ON THEIR LAND
He runs a hand across the flattest, hardest square foot of his land. It's alive at least. His wife watches him from the knee-dirt of her garden. Next time, his fingers rub across those leather cheeks, he'll plant no seed, expect no crop, no harvest. Likewise, her eyes will grow no roses in his wrinkled brow. His is a stolid, clay-pan face, not worth fertilizing. Work sunup to sundown, rape the hands raw, break the back, just so they can eat in silence, sleep in separate beds. It's a tough life, an even tougher compromise
KATHLEEN REMEMBERS THE FLOOD
She speaks of the time when the dam cracked and a once passive river came down from the hills roaring. Water overflowed the banks, flooded the memorial park, crossed street after street right up to her family's doorstep. It stayed there for a week like an unwanted relative ringing the bell over and over though they'd no intention of letting it in. The town was smothered in mud, and dead trees, and horse flies she swears were as big as the equine that gave them their name. Eventually, the flood receded but it didn't restore what had been there before. Not with the heat moving in. And the silt as foul-smelling as corpses. She says that three people died but many more lost everything, And so many animals were drowned. And crops. And gardens. The townsfolk spent the entire summer cleaning up both outside and in. A few just gave up and left for good. The rest agreed that life would never be the same. Some politician said that steps were being taken to make sure it would never happen again. He was referring to the dam of course. But folks took him to mean the town they knew.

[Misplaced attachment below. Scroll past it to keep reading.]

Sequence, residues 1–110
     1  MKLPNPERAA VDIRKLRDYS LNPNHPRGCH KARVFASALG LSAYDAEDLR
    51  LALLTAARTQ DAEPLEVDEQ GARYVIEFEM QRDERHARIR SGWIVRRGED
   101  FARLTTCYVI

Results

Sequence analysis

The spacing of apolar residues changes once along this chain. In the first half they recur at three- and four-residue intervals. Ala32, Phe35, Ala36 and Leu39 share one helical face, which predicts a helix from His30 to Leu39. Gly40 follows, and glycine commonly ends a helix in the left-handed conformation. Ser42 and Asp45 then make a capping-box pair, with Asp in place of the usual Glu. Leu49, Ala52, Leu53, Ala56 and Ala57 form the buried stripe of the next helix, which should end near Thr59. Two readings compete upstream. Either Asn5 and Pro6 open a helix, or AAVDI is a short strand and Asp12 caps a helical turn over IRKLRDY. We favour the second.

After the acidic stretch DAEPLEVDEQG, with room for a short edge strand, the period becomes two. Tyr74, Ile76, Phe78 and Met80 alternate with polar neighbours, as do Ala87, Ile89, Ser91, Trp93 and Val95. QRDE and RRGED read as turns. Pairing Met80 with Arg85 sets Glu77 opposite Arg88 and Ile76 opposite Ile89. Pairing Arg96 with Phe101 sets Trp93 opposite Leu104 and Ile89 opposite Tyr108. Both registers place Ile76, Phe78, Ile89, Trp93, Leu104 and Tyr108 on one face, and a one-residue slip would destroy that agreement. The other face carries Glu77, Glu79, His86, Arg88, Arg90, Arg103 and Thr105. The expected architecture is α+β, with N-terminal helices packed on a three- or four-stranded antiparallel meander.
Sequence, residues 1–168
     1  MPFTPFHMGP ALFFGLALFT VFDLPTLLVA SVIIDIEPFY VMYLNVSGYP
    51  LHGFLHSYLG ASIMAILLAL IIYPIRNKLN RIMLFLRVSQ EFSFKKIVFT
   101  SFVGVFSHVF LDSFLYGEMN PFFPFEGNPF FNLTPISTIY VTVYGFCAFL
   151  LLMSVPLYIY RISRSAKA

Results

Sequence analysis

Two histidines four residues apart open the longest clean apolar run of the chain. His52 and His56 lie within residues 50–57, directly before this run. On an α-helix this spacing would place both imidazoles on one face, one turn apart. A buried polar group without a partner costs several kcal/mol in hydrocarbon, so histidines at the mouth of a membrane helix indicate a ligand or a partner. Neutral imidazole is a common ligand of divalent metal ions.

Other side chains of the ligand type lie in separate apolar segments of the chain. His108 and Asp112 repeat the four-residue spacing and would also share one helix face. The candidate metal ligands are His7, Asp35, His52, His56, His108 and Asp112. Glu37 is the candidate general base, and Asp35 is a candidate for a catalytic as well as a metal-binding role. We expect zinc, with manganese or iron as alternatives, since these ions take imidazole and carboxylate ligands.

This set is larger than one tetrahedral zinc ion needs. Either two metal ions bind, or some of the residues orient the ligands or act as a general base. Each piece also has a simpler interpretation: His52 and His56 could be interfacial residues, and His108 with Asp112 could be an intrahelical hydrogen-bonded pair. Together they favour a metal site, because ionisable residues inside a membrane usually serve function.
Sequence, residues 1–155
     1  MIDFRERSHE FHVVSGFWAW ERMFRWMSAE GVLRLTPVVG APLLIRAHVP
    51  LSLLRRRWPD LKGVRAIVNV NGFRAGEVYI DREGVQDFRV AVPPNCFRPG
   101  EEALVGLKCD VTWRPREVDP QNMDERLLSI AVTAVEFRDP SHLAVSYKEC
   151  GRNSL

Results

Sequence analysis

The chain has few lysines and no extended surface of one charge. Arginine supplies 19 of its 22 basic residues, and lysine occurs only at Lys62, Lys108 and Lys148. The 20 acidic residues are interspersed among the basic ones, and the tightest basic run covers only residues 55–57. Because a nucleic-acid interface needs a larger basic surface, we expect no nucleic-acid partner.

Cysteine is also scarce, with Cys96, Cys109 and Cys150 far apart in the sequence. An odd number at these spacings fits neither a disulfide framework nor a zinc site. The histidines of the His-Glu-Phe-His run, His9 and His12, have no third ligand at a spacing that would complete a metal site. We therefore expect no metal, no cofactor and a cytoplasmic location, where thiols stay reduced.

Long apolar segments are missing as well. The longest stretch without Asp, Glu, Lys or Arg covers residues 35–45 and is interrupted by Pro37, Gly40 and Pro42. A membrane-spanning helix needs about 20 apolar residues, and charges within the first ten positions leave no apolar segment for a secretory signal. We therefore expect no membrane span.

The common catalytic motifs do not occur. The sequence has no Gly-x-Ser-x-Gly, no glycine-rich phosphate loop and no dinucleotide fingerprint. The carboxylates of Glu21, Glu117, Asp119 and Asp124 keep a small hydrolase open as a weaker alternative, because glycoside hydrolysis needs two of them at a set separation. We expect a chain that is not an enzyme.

John Grey is an Australian poet, US resident, recently published in Orbis, Dalhousie Review and the Round Table. Latest books, “Leaves On Pages” and “Memory Outside The Head” are available through Amazon.